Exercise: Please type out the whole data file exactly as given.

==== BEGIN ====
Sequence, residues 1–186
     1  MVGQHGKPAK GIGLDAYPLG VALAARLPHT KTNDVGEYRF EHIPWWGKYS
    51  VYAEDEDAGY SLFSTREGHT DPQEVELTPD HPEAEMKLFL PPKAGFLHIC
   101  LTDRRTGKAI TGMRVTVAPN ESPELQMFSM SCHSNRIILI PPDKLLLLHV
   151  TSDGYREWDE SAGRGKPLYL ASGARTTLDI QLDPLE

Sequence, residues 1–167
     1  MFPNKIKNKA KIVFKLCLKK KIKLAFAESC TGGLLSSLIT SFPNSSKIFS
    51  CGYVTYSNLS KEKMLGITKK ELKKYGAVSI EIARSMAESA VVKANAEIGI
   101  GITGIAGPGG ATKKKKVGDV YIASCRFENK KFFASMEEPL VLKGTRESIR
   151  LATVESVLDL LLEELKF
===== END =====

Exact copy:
Sequence, residues 1–186
     1  MVGQHGKPAK GIGLDAYPLG VALAARLPHT KTNDVGEYRF EHIPWWGKYS
    51  VYAEDEDAGY SLFSTREGHT DPQEVELTPD HPEAEMKLFL PPKAGFLHIC
   101  LTDRRTGKAI TGMRVTVAPN ESPELQMFSM SCHSNRIILI PPDKLLLLHV
   151  TSDGYREWDE SAGRGKPLYL ASGARTTLDI QLDPLE

Sequence, residues 1–167
     1  MFPNKIKNKA KIVFKLCLKK KIKLAFAESC TGGLLSSLIT SFPNSSKIFS
    51  CGYVTYSNLS KEKMLGITKK ELKKYGAVSI EIARSMAESA VVKANAEIGI
   101  GITGIAGPGG ATKKKKVGDV YIASCRFENK KFFASMEEPL VLKGTRESIR
   151  LATVESVLDL LLEELKF